Shoppers are looking for both affordability and sustainability. Thomas Harms, global retail leader at EY Germany, believes retail has an opportunity to deliver both.

With consumer spending under increasing pressure, many are finding it hard to square their need to live affordably with their desire to live more sustainably, especially as they feel sustainable goods are still too expensive. 

In the latest edition of the EY Future Consumer Index – the 10th in the series – affordability has retaken top place in consumer priorities, over concerns about the planet. 

But are consumers simply giving up on sustainable product choices in search of lower prices or are they finding more cost-effective ways of achieving sustainable living? 

Saving money and the planet

Many consumers are returning to cost-saving routines learned during the pandemic, with 66% seeking out value-for-money options and 21% switching from brands to private-label alternatives. 

However, shoppers aren’t simply abandoning sustainable living; the reality revealed in our research is much more nuanced. 

Affordability and sustainability are actually becoming mutually supportive behaviours, with more than half of consumers saying that living more sustainably is a guiding principle of their daily routine. 

Shoppers want affordable products that won’t harm the planet. And the cost-of-living crisis is encouraging many planet-friendly behaviours. 

“For retailers, some effects of this shifting environment are already evident with basket sizes reducing across all categories as consumers look to economise”

For example, an overwhelming 87% are making an effort not to waste food and 36% say they will buy more second-hand products.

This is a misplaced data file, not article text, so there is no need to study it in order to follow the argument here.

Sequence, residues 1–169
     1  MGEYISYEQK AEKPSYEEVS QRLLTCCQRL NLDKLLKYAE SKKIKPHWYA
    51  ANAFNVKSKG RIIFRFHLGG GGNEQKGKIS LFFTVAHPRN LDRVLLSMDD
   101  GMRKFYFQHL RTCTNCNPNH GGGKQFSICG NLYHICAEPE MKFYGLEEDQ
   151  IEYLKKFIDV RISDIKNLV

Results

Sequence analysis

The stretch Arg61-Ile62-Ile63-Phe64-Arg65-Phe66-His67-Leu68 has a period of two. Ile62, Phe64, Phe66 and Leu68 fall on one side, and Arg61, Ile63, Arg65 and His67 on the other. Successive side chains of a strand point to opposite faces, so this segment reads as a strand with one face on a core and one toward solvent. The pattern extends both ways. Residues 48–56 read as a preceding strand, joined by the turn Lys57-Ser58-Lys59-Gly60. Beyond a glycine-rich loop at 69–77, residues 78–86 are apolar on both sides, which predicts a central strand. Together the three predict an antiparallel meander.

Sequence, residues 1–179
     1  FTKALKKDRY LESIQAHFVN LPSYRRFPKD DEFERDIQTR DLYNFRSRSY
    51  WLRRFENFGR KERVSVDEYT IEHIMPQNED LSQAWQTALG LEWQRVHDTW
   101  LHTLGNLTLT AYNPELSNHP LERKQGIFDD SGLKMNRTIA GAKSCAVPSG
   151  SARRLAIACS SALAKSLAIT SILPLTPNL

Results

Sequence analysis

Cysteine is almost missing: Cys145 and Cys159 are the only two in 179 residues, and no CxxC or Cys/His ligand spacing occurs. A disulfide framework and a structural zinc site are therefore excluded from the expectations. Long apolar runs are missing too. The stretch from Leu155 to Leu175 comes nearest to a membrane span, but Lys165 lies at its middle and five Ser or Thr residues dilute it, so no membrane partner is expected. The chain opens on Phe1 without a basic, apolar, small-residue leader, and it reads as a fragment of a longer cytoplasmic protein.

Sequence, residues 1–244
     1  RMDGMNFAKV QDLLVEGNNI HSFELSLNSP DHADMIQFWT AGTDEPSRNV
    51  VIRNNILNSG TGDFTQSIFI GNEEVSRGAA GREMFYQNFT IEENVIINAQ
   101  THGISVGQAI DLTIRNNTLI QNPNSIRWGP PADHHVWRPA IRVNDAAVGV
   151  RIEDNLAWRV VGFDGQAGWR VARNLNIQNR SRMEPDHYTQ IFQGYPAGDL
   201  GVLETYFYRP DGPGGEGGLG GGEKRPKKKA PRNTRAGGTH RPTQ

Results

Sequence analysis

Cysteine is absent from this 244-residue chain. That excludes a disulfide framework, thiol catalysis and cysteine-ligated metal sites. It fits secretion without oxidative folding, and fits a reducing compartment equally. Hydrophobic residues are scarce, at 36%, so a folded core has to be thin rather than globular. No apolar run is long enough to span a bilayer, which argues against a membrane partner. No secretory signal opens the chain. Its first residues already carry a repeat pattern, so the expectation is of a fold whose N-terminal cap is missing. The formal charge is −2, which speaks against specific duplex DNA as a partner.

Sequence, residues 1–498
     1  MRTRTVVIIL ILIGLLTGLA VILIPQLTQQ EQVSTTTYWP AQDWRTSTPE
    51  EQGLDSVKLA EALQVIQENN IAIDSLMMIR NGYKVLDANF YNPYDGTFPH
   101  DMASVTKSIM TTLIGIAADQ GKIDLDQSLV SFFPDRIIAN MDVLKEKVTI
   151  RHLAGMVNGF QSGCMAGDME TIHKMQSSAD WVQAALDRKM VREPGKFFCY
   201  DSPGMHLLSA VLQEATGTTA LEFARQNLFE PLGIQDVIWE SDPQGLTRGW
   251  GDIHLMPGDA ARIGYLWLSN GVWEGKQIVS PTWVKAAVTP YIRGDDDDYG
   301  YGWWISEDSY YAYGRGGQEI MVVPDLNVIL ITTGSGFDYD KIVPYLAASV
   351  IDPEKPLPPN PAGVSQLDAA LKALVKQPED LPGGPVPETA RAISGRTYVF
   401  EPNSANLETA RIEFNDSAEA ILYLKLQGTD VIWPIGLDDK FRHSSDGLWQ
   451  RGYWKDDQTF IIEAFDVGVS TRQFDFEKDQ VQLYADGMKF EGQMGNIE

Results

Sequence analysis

A rising proportion prefer to repair items rather than replace them. And conspicuous consumption is in retreat, with consumers expressing a declining interest in the latest fashions and tech.  

For retailers, some effects of this shifting environment are already evident with basket sizes reducing across all categories as consumers look to economise. 

However, we’re seeing examples of grocery retailers acting as consumer champions and challenging brands to resist price increases – a stance that’s gained wide publicity and which consumers will notice and remember. 

Getting personal

The pandemic encouraged many parts of daily life to become ‘digital-first’ and, as consumers look to control their finances, they’re turning to digital experiences again – substituting rather than sacrificing their lifestyles. 

It’s an opportunity for retailers to engage their customers in unique ways, to test or create digital product lines and, in turn, capture more consumer data. 

About two-thirds of consumers remain happy to share their data for personalised offers and deals. 

But in return they want personal value and data security: 72% worry about sharing their personal information. Capitalising on these trends will help retailers forge deeper customer relationships. 

Overall, the latest EY Future Consumer Index shows consumer resiliency in the face of a shifting economic and cultural landscape. Here are four retail opportunities to be addressed:

  1. Develop new service-based repair-and-reuse or hire offerings – providing consumers with alternatives to always buying new, for example, by showcasing new services through in-store events, in turn driving traffic and creating new uses for space.
  2. Make more by selling less – reducing package sizes to include less product at a lower price or removing packaging altogether, enabling consumers to buy smaller amounts as they rein in their spending and shorten their replenishment cycles.
  3. Enhance digital services – providing insights to shoppers on what they already own, for example, children’s clothes that could be handed down to younger siblings.
  4. Push private-label products more actively – reflecting consumers’ renewed quest for value for money by recommending healthy, sustainable and less expensive options from the private-label range.

 Read the latest EY Future Consumer Index research in full. 

Thomas Harms, EY

Thomas Harms, global retail leader, EY Germany